Monday, November 21, 2005

Liberal Influence Peddling

Don't you just love it when Liberals rat on their own? The principals at TDH Strategies are obviously not welcome in the Paul Martin camp. One of their posts today highlights the questionable connections between Martin operative Erik Bornman and Dave Basi.

The search-warrant "information to obtain" or ITO released by police in September, 2004 claim that Bornman offered provincial ministerial aides Dave Basi and Bob Virk a benefit -- help in obtaining $100,000-plus jobs with the federal Liberal government -- in exchange for obtaining confidential information about the BC Rail deals.

Yesterday, the federal Liberal riding association for Saanich-Gulf Islands had their nomination meeting to choose their candidate for the upcoming federal election. The race between Jag Dhanowa and former Liberal MLA Sheila Orr had become bitter, largely because of disputes over what Orr supporters referred to as the "instant Liberals" who have supported Dhanowa in the past.

Orr ended up winning by 71 votes, but the most fascinating thing about the entire affair was the appearance of Dave Basi, the central figure in the police raids and a man now charged with breach of trust, accepting a bribe to influence government business (from none other than Erik Bornman) and fraud over $5,000. Basi brought a significant amount of members out to support Dhanowa.

Plus ça change...

Saturday, November 19, 2005

DIY election platforms

In a recent musing, Warren Kinsella characterizes Toronto Star columnist Jim Travers as "one of PMO's last remaining messenger boys." And yet in today's column, Travers lays out the reasons to throw the Martin gang out.

In a subtle dig at Kinsella, Travers calls it the century's "first do-it-yourself election." Kinsella, of course, waxes poetic in his recent book Fury’s Hour about DIY culture in the punk movement.

Travers comes up with these gems:

… democracy only works when votes are used as sticks to beat discipline into politicians who mistake the public purse for their own.


After years of demonizing Conservatives as secret agents for Ralph Klein and two-tier health care, Liberals are suddenly silent as Jean Charest speeds the country toward different systems for rich and poor. Even a watershed Supreme Court decision undermining Ottawa's health insurance monopoly has left strangely speechless a government more concerned with repairing its ruined Quebec brand than defending public health care.


Martin believes in asymmetrical federalism but, apparently, not enough to debate or defend it. Canada is under renovation without a blueprint and that justifies showing Liberals the door.


Decisions are tightly held in Martin's innermost circle, the promise to make MPs strong enough to do their job is broken, and tracking how taxes are spent is as intentionally difficult as ever.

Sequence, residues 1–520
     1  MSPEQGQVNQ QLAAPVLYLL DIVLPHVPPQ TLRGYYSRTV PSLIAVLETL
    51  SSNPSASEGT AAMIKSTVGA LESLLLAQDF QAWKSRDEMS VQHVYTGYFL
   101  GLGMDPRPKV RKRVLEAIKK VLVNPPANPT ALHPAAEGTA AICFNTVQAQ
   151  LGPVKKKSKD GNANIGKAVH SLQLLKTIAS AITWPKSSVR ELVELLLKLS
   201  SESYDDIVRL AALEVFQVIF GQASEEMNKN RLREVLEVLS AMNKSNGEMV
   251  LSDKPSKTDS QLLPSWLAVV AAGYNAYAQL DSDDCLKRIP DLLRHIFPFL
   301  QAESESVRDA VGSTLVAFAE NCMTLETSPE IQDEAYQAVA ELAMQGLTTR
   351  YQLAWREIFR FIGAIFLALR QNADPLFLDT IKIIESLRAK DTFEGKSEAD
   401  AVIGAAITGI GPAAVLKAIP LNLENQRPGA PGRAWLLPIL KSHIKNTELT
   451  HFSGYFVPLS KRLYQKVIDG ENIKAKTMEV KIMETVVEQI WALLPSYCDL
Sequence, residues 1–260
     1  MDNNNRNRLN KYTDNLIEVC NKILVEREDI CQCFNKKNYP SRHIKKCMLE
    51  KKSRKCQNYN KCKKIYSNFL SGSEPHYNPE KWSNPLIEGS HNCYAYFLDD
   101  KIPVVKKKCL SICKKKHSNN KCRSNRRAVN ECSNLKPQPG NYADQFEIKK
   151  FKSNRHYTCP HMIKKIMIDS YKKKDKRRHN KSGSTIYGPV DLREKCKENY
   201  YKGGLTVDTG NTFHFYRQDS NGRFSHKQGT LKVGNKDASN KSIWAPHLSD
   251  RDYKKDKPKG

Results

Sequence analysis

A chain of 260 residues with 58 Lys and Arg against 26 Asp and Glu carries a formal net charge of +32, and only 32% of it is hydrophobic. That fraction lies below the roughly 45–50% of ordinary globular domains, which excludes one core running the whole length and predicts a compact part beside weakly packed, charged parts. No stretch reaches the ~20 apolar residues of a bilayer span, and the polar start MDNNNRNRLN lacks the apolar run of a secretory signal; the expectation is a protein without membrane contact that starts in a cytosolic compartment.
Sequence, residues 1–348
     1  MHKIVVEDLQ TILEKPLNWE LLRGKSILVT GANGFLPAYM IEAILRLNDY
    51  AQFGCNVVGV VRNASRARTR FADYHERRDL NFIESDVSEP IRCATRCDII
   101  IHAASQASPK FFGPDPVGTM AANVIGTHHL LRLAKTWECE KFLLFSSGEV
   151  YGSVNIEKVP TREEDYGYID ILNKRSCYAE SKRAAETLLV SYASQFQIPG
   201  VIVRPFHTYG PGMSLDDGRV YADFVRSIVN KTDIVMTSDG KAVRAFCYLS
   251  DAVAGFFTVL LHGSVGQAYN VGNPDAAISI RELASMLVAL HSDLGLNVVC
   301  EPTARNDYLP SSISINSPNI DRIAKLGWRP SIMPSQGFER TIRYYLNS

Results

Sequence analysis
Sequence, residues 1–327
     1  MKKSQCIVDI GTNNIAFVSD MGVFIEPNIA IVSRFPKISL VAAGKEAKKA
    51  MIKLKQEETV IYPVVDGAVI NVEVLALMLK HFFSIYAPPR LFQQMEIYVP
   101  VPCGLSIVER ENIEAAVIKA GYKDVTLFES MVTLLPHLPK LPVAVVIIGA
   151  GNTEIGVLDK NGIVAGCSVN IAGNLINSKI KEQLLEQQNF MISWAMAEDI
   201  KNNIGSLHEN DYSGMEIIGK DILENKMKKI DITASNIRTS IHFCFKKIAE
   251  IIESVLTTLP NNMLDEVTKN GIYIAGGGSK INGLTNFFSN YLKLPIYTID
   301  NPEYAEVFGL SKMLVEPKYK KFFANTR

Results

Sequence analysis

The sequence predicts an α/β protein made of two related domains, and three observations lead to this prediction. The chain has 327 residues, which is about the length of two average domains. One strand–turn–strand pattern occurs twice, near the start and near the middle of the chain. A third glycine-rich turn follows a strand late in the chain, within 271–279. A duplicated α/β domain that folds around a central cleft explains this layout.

Canadians recognize the problem and are applying a solution. They treat the federal government with the disdain it's earned and, come election day, record numbers will vote with their feet by staying home.

The few who still care have no shortage of other planks to build their DIY-platforms. From protecting privacy to reaching the Canada-created international aid threshold, there is plenty of rough stuff to finish the job.Now seems a good time to start.

Even Kinsella can't argue with that.

Thursday, November 17, 2005

Let them go?

It is little wonder the CPC is on life support in Quebec if these views are representative of CPC party and Blogging Tories members.

Loyalist, in his post Boisclair: Maintient-Il Le Droit? argues:

If Quebec thinks that the rest of Canada is stifling its rightful aspirations, it's doing the same to ours as well.

Let's hope that Boisclair leads the PQ to victory, in the next election and referendum. Because if the choice is between Quebec or Alberta leaving, we know whose departure would weaken Canada the most, economically, politically, and culturally.

And in the comments, Warwick weighs in with:

Let Quebec go willingly. If not, invite them to leave. This country has not been viable since the beginning. Quebec has been dragging us down since we started letting them. They cost too much for the little good they do.

Let them drown in their own socialism - without us paying for it.

My sympathy for Quebec has reached into negative numbers. Be gone.

Such talk is not only offensive, it is down right counterproductive. No party can win a majority government without seats in Quebec. Moreover, if you want to bring more Ontarians into the fold, then playing the national disunity card is just plain stupid.

Smarten up guys.

Tuesday, November 15, 2005

She's Brian's Mom

I thought she looked familiar. She's Brian's mom!

Listen to her here.

Big Brother Paul